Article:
Introduction to the Pancaratra and the ahirbudhnya samhita by F. Otto Schrader, the then Director of the adyar Library, first published in 1916 (Second Impression 1971) is a pioneering work in the field which has served as 'a Concise, but encyclopedic reference book on the Pancaratra.' It is an example of Garman scholarship, and set the standard for the publications of the Adyar Library and Research Centre. It was written as an exhaustive introduction to two volume edition of the Ahirbudhanya Samhita prepared under the direction of Schrader by Pandit M. D. Ramanujacharya, and deals with the whole literature of Pancaratra then available, the philosophy of Pancaratra, and a detailed analysis of the contents of the Ahirbudhnya Samhita. Though much work has been done in the field by the Adyar Library and Others. Schrader's introduction has not been superseded and still remains and excellent introduction to that system of Vaisnavism. The Adyar Library and Research Centre has published the Pancaratraraksa of Vedanta Desika, a critical work in the field, in 1942, the Laksmitantra (1959) and the Sanatkumara Samhita edited by Pandit V. Krishnamacharya (1969). To meet the steady demand from the discerning public, we are issuing a third impression of this excellent work on the Pancaratra.
The book, small in size but rich in contents, which is herewith placed before the public, has been written during internment at Ahmednagar because of the war, though some of the materials on which it is based had, fortunately, been collected by him before the war broke out. Only three of the Samhita MSS. Of the Adyar Library, namely those of nos. 8, 70 and 195 of the synopsis on pp. 6ff., which were acquired recently, have remained entirely unknown to Dr. Schrader.
The burden of seeing the work through the press has fallen on the undersigned who, though having done all in his power to acquit himself honourably of his task, is fully aware of its difficulties and of the inadequacy of his knowledge of Sanskrit to cope with these with complete success.
The author has undoubtedly doubled the value of his monograph by adding to it copious Indexes and a detailed synopsis of the contents. Together they render the whole of the subject-matter of the book in all its categories instantaneously available for reference. Thus the work may preliminarily serve as a concise but encyclopaedic reference book on the Pancaratra, until it shall be superseded by subsequent more exhaustive publications. The Numerical Index contains some items not found elsewhere in the book.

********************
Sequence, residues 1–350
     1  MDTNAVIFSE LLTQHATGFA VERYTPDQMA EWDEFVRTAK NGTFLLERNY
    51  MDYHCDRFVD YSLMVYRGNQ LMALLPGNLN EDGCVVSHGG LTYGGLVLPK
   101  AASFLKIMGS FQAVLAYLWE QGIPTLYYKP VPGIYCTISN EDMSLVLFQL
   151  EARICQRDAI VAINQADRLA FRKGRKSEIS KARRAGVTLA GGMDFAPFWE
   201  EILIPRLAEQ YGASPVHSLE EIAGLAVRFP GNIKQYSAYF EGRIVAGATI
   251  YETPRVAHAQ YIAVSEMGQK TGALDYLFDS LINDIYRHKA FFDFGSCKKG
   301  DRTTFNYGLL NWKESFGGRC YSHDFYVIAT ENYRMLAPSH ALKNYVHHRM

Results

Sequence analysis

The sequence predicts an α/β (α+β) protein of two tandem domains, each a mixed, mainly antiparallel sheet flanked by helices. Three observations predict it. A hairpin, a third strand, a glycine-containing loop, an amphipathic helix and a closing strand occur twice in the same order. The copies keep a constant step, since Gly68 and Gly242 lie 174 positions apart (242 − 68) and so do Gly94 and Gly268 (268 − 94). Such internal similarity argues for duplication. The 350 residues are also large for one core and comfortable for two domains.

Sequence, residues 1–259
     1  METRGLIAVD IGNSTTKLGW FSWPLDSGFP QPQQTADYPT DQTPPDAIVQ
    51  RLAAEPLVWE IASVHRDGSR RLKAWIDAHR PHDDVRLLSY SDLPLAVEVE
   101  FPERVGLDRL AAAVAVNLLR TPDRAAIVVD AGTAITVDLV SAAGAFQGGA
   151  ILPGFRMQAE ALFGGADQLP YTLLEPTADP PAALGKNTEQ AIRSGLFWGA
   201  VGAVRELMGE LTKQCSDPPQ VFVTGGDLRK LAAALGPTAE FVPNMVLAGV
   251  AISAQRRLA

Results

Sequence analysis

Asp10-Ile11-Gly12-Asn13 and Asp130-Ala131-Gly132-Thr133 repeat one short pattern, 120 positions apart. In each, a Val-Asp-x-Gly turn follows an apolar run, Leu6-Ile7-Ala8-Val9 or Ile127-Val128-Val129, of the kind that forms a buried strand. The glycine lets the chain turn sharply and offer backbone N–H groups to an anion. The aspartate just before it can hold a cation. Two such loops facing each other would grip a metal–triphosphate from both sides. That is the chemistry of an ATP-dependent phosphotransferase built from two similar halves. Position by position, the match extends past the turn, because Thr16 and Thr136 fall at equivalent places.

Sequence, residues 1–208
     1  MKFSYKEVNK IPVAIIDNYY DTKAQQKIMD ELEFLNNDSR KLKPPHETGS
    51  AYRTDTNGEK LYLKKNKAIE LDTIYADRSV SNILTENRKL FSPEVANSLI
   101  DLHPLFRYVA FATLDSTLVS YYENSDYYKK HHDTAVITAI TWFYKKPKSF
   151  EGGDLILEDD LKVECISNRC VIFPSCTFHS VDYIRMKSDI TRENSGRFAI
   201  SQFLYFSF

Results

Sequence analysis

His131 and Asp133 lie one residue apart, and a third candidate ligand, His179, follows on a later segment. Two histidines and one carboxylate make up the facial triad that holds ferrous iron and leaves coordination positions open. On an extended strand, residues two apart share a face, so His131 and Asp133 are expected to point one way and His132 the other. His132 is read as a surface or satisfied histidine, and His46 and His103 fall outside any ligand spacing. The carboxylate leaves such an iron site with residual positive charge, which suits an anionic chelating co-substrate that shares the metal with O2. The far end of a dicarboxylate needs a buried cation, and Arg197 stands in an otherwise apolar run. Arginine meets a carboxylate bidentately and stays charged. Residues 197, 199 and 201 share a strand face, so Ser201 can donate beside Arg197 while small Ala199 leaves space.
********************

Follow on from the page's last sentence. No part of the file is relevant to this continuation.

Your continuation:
I may be permitted to express here my great satisfaction at having had the privilege of watching over the booklet on its way through the press, a last service rendered to the Adyar Library in close and pleasant co-operation with Dr. Schrader, which puts a term to a period of over seven years' daily collaboration with the same aims, in the same spirit and in complete harmony, for the same object.
May Dr. Schrader's last official work performed for the Library enhance the renown of that institution, and may it be judged to constitute of fit conclusion to his eleven years' tenure of office as Director of the Adyar Library.
The publication of this book also, as that of the two volumes of the text edition of the Ahirbudhnya Samhita, has been greatly facilitated by the courtesy of the military censors at Ahmednagar, to whom our sincere thanks are due.
The publication of the Ahirbudhnya Samhita, by the Adyar Library, has been undertaken with a view to starting investigations in a branch of Sanskrit literature which was once cultivated in countries as far distant from each other as Kashmir, Orissa and Mysore, but is now practically extinct except in a very few places of Southern India where considerable remnants of it are still being preserved and partly even studied. Some scanty information about it has, indeed, reached the West, and a few of the Samhita-s of the Pancaratra-s have been published; still, when asked about the latter, most orientalists will even now be likely to confess that they have so far seen only the Narada Pancaratra, 'a Tantric work of little if any value' while, as to the philosophy of the Pancaratra, the theory of the avatara-s in its common Vaisnavite form and a very elementary conception of the doctrine of the vyuha-s (derived from the commentaries on Brahma sutra, II. 2. 42) will be found to be all that is know. An attempt will be made in the following pages to provide the future student of this unexplored field with a provisional foundation.
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